There is no shortage of supply in the New York City hotel market. At least 33 new NYC hotels will open in 2011. More than half of these ventures are independents. The new properties have tremendous potential with the stabilizing market in the Big Apple. The real winners will outshine the competition. Numerous independent hotels have opened since the beginning of 2011.

Mondrian SoHo - One example of an independent property is the unique Mondrian SoHo owned by Morgans Hotel Group Company. This luxurious 270-room hotel opened on March 1 and is off to a profitable start with strong demand and a high occupancy rate. The Mondrian Soho caters to a fashionable clientele.

Gansevoort Park Avenue NYC - Each independent hotel must carve out its own niche in the NYC hotel scene. The 249-room Gansevoort Park Avenue NYC (owned by the Gansevoort Hotel Group), another upscale independent hotel, opened officially in February 2011. This “ultimate urban resort” enjoyed high occupancy following its initial opening in September 2010. This luxury hotel is expected to experience continued success because of its intense focus on providing optimal luxury.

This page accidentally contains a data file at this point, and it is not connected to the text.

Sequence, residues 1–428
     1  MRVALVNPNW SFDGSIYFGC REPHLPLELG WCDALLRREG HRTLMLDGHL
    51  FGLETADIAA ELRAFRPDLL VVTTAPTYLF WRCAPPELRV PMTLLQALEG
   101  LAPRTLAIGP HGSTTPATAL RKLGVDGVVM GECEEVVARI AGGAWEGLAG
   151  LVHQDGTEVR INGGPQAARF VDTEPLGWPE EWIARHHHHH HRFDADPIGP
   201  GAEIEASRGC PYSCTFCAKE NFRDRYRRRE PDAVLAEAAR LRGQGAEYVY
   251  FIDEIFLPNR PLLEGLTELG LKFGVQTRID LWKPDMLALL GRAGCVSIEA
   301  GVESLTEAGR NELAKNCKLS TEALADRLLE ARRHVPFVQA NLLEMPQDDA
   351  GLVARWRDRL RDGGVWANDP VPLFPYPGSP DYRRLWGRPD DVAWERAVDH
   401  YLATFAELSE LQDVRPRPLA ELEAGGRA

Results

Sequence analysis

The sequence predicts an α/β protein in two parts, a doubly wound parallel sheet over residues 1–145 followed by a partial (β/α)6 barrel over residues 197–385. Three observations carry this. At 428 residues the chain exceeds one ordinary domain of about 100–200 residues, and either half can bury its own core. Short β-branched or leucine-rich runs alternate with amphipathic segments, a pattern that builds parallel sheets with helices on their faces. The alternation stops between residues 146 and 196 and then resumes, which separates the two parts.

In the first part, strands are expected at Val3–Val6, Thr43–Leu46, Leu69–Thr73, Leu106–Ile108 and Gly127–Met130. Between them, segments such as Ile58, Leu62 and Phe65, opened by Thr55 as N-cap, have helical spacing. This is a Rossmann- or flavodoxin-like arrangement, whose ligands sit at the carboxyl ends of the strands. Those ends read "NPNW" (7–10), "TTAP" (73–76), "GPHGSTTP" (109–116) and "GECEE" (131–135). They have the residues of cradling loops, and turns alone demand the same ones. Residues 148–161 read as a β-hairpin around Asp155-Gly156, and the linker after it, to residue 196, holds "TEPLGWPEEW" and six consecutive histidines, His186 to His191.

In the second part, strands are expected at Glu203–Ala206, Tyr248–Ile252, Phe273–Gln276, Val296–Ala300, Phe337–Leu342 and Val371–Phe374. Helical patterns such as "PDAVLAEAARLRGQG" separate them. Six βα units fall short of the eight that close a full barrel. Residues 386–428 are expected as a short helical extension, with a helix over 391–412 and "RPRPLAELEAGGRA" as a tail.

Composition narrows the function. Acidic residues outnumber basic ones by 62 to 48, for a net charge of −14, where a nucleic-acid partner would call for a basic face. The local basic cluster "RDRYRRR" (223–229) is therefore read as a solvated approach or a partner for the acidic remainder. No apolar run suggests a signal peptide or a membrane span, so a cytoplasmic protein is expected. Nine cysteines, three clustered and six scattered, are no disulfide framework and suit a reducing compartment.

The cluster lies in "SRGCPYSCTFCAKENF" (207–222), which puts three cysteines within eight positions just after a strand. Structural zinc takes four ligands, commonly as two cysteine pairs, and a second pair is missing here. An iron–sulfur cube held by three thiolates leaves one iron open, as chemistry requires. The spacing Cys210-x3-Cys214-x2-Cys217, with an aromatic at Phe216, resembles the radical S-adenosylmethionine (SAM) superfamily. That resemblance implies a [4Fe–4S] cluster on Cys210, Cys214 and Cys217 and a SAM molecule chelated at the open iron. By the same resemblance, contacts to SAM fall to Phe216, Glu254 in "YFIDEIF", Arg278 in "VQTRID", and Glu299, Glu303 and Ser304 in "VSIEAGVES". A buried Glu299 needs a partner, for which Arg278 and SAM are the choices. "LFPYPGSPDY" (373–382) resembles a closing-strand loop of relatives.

Successful NYC Hotels

The New York City hospitality industry can accommodate varied hotel types including luxury, boutique, and economy brands. Every hotel category can be successful in this thriving metropolis. NYC hotel guests have a variety of needs (corporate and leisure) as well as different budgets.

Business travelers and vacationing guests will require distinct types of hotels. Obviously, specific hotel brands might do better during certain periods such as peak tourist season. Yet NYC hotels are known as consistent high performers.

NYC Hotels In Progress